Published in International Journal of Solids and Structures Vol. 139–140, pp. 250–269, 2018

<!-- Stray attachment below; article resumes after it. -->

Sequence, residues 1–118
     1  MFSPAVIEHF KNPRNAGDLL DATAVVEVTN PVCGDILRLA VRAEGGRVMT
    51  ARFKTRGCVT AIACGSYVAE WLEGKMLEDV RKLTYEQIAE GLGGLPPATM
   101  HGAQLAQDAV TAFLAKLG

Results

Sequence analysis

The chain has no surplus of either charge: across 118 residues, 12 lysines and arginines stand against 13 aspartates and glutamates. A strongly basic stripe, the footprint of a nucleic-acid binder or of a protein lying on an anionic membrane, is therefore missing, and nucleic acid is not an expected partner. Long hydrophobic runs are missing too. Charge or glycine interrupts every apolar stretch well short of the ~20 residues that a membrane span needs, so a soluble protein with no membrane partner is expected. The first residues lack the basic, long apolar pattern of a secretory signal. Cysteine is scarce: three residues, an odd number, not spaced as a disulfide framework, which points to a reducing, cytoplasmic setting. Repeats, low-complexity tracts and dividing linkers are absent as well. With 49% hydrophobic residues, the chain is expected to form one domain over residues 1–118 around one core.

The asymmetric tensile/compressive material behavior and microcracks closure-reopening (MCR) effects exhibited by quasi-brittle solids are of significant importance to the nonlinear responses of engineering structures under cyclic loading, e.g., earthquake excitations. Based on our previous work (Cervera et al., 1995; Faria et al., 1998; Wu et al., 2006) this work addresses a novel thermodynamically consistent unilateral damage model for concrete. In particular, the positive/negative projection (PNP) of the effective stress tensor and the additive bi-scalar damage constitutive relation are maintained owing to the conceptual simplicity and computational efficiency. It is found that the classical PNP widely adopted in the literature is not optimal for this damage model, since the resulting stiffness is not always of major symmetry. Consequently, a well-defined free energy potential does not exist in general cases and the model cannot be cast into the framework of thermodynamics with internal variables. Furthermore, the damage induced anisotropy cannot be captured, exhibiting excessive lateral deformations under uniaxial tension. To overcome the above issues, a novel PNP, variationally interpreted as the closest point projection of the effective stress in energy norm, is proposed with closed-form solution. With the novel PNP, the secant stiffness tensor of the proposed unilateral damage model always possesses major symmetry and exhibits orthotropic behavior under uniaxial tension and mixed tension/compression. The corresponding thermodynamics framework is then given, resulting in an energy release rate based rounded-Rankine type damage criterion appropriate for tensile failure in quasi-brittle solids. Several numerical examples of single-point verifications and benchmark tests are presented. It is demonstrated that the proposed model is capable of characterizing localized failure of concrete under proportional and non-proportional static loading, as well as the MCR effects under seismic cyclic loading.
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